Most would say that Skylar Diggins-Smith is competitive. But anyone who's spent time with the Dallas Wings point guard knows that’s an understatement. She's always going hard. It’s a Monday evening in Las Colinas, a suburb northwest of Dallas, and Diggins-Smith is bowling with a group of friends, which includes her husband, Daniel Smith—a former wide receiver at Notre Dame—and Wings head coach, Fred Williams. Growing up in South Bend, Indiana, “You either do skating or you bowl,” she says.
We’re in the VIP section of Pinstack, one of those all-in-one entertainment complexes where aside from bowling, you can climb a rock wall, ride in bumper cars, play arcade games, or drink at the bar. To start, Diggins-Smith and her husband play on separate air hockey tables because the newlyweds—who just celebrated their first wedding anniversary—decided it’s healthier for their relationship if they don't compete against one another. But the habit is hard to break.
When it’s time to bowl, Smith goes first, knocking all the pins down and scoring a strike. Diggins-Smith looks over, pinches her lips, and gives a look like, “See, I told you.” When it’s her turn, she smashes seven pins. “Okay! Okay! Okay!,” she exclaims repeatedly, before taking off her jacket because it’s time to get serious.
The bowling remains mostly lighthearted (it probably helps that Smith bowls a 0 in one frame), but the game is punctuated by Diggins-Smith clapping her hands and saying things like, “That’s okay,” after rolling another seven. “We all gotta step it up.”
In those moments, it’s easy to imagine the 27-year-old's intensity on the court.
Diggins-Smith is going into her sixth WNBA season, with opening night kicking off tomorrow. Last year, she played in her first postseason, alongside Karima Christmas-Kelly, Glory Johnson, and Theresa Plaisance—other veterans on the team. The Wings lost to Elena Delle Donne and the Washington Mystics, and since the first round of the WNBA playoffs is one-and-done, that was it.
Assessing the team’s performance over the last couple of seasons, which included a move from Tulsa to Dallas, Diggins-Smith says, “We had to go through some stuff, and I’m just happy we are as an organization where we are now, standing on two feet firmly planted.”
Diggins-Smith is accustomed to greatness on the basketball court. It’s been that way her entire life. Growing up in Indiana’s Hoosier Hysteria, she reflects, “As soon as you can walk, you have a ball in your hand. I just always remember having a basketball.”
She played up; a 5th grader on a team with kids five years her senior in a 10th-grade showcase. It was around that time colleges started reaching out to her, and in 8th grade, she met Notre Dame head coach Muffet McGraw.
“She got the championship trophy right here, the Coach of the Year trophy. The nets from the national [championship]," Diggins-Smith says, recalling her first trip to McGraw’s office. "It’s just so big.” It was then that McGraw told Diggins-Smith she wanted her to play for Notre Dame and the school was offering her a scholarship. “I was too young to understand what that really meant,” she says.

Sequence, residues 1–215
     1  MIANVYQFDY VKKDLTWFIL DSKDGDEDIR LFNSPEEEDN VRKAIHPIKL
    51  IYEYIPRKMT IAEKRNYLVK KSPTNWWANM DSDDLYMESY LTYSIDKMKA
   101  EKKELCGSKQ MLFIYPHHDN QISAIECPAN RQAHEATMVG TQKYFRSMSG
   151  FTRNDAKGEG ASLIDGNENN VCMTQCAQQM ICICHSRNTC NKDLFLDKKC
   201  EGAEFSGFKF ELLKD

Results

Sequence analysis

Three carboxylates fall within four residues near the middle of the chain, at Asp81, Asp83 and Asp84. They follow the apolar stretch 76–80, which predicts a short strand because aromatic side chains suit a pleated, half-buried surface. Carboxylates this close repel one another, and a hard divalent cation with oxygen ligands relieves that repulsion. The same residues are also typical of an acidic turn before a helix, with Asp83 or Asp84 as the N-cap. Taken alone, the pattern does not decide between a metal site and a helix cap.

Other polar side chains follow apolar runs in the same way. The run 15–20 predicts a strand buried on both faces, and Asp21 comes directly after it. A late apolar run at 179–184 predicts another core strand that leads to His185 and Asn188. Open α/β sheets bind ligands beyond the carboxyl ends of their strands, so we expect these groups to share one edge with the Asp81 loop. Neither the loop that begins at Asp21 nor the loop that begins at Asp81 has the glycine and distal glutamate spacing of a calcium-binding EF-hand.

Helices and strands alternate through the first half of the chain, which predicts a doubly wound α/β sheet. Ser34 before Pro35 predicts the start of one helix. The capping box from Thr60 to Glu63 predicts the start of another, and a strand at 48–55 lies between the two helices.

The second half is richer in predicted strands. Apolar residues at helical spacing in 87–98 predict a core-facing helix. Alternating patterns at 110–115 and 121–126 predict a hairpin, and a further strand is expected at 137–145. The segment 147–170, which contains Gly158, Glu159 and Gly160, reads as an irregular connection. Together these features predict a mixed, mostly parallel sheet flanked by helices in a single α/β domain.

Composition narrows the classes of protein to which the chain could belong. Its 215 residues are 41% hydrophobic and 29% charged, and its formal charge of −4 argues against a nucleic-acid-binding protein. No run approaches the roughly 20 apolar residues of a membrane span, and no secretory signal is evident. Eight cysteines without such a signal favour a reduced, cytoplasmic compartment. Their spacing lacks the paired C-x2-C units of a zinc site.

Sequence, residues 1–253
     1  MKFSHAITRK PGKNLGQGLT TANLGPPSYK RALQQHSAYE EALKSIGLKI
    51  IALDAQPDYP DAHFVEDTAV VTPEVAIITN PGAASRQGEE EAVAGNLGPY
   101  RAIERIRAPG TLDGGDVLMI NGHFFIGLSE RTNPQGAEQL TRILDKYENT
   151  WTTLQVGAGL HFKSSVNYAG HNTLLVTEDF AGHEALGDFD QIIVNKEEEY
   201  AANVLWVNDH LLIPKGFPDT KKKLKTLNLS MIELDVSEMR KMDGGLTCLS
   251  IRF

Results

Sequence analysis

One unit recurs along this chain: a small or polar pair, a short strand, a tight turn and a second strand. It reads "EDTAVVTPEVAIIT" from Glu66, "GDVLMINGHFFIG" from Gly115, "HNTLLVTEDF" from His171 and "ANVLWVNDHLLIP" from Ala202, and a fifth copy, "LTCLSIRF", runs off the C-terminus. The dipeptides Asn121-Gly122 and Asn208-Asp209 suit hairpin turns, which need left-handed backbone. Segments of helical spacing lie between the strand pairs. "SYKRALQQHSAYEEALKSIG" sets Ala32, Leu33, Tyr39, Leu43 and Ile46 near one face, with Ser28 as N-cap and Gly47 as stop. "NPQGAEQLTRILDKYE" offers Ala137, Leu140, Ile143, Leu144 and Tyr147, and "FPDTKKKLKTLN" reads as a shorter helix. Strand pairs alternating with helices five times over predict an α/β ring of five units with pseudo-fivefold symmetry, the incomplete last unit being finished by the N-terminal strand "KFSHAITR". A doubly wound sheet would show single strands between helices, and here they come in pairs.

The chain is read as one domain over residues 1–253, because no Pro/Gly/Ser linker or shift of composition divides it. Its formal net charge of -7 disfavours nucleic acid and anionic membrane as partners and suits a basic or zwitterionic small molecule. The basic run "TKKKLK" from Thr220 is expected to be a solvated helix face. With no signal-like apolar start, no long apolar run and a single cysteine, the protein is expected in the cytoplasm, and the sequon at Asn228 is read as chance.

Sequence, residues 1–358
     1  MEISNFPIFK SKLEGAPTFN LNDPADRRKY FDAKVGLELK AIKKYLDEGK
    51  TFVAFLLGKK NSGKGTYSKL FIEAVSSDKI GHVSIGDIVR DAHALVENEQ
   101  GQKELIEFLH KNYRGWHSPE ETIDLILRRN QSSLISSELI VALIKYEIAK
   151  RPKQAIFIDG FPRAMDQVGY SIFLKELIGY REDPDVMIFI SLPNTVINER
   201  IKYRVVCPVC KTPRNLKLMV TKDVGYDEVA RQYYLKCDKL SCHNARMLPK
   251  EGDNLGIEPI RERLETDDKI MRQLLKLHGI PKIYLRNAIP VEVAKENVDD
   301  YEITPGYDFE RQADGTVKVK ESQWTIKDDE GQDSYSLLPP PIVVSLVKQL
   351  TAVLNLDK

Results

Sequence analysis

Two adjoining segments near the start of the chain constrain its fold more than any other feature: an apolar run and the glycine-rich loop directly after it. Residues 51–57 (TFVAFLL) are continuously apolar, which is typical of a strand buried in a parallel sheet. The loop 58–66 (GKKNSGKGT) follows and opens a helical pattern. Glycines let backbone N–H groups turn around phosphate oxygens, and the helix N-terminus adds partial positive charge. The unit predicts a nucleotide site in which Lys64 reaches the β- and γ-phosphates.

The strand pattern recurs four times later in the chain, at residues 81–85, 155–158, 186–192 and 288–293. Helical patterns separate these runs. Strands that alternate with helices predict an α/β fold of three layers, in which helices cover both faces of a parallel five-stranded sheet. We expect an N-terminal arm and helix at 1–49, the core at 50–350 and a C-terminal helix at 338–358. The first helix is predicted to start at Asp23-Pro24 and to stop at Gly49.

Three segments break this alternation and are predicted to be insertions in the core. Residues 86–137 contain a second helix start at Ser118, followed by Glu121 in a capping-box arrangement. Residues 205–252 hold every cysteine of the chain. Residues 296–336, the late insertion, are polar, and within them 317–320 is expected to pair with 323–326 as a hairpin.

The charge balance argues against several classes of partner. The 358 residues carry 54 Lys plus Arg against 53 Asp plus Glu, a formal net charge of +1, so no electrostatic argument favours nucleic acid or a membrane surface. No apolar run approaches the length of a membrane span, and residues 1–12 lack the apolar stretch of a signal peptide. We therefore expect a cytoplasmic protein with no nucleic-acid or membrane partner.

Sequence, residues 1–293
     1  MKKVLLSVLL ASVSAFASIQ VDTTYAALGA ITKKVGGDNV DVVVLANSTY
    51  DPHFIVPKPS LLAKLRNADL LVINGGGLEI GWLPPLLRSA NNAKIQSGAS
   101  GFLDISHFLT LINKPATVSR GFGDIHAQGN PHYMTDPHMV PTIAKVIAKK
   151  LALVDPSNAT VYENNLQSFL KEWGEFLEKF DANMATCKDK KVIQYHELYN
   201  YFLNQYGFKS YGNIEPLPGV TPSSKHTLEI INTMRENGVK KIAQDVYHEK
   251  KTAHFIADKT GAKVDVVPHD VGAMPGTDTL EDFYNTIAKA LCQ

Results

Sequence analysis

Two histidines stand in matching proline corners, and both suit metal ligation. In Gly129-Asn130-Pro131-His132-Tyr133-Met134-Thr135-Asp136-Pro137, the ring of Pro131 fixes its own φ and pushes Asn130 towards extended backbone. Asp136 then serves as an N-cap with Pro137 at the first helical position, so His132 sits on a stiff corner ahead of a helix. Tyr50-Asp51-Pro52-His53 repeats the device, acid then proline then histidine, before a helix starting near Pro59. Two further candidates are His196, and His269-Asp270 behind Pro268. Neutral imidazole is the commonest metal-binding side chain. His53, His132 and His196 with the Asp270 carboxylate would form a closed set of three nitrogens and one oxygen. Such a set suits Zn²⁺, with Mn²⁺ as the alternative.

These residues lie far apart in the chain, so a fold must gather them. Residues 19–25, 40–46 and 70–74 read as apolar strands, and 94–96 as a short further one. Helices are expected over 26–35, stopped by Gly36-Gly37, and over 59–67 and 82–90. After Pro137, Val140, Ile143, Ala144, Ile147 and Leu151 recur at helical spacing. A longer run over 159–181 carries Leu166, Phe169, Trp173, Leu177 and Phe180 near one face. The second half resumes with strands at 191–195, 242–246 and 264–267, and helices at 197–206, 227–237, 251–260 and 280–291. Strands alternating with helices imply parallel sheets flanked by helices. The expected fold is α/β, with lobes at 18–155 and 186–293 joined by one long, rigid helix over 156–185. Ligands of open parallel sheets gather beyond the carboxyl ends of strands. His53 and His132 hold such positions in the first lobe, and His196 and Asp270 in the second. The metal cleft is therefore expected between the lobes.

Diggins-Smith played lights out in high school and eventually won a state championship. In 2008, ESPN described her as “a consummate pro,” declaring, “She plays every single possession like it's her last.” During her four years at Notre Dame, Diggins-Smith helped the team win 130 games, make it to three Final Fours and two national championship games, and clinch two Big East titles and one Big East tourney title. She is also a two-time winner of the Nancy Lieberman Award, which is given to the nation's top collegiate point guard.
The accolades continued rolling in as a pro. In 2013, she was the third overall draft pick by the Tulsa Shock, who relocated to Dallas in 2015. She's also been selected as a WNBA All-Star three times.
But it hasn't all been smooth sailing. In June 2015, Diggins-Smith went down with an ACL tear near the end of a game. She was leading her team in scoring that season with 18 points per contest and had put 31 down the night she injured her right knee. The injury was her first real break from basketball, and southpaw claims it made her “stir crazy.” So, she spent a lot of time in rehab, doing the necessary work to get better. “I’m going to start this day off positive,” she says she'd try to think every morning. But admits there “was a point in time in there for three months straight, I cried every single day in rehab.”
Going through the recovery process made Diggins-Smith realize the mortality of her basketball life. “I really, really, really am going to miss the game when I have to be done playing,” she reflects.
In the off-season, Diggins-Smith trains four days a week, lifting for an hour and 15 minutes, and then working out in the gym for another hour and 30 or so. When we met for lunch earlier in the day, she had already spent the morning laboring through one of her intense training sessions. In fact, later that night, she and her coach were laughing about a man she spotted in the gym trying to emulate her routine. At one point, he ran for the exits, and they're all convinced he left to go throw up.
When Diggins-Smith is asked what it is, beyond just working hard, that makes her such a talented basketball player, she responds with a soliloquy: “Yeah, you work hard, but do you go game speed every rep? Do you take off reps? What's your mentality? Not just physical. What's your mental like? Are you mentally tough? Are you a leader? Do you watch basketball, or do you just play? Do you study the game? Do you watch film? Do you rest and recover? Do you lift? Do you ice your knees every time?” Even her answers are intense.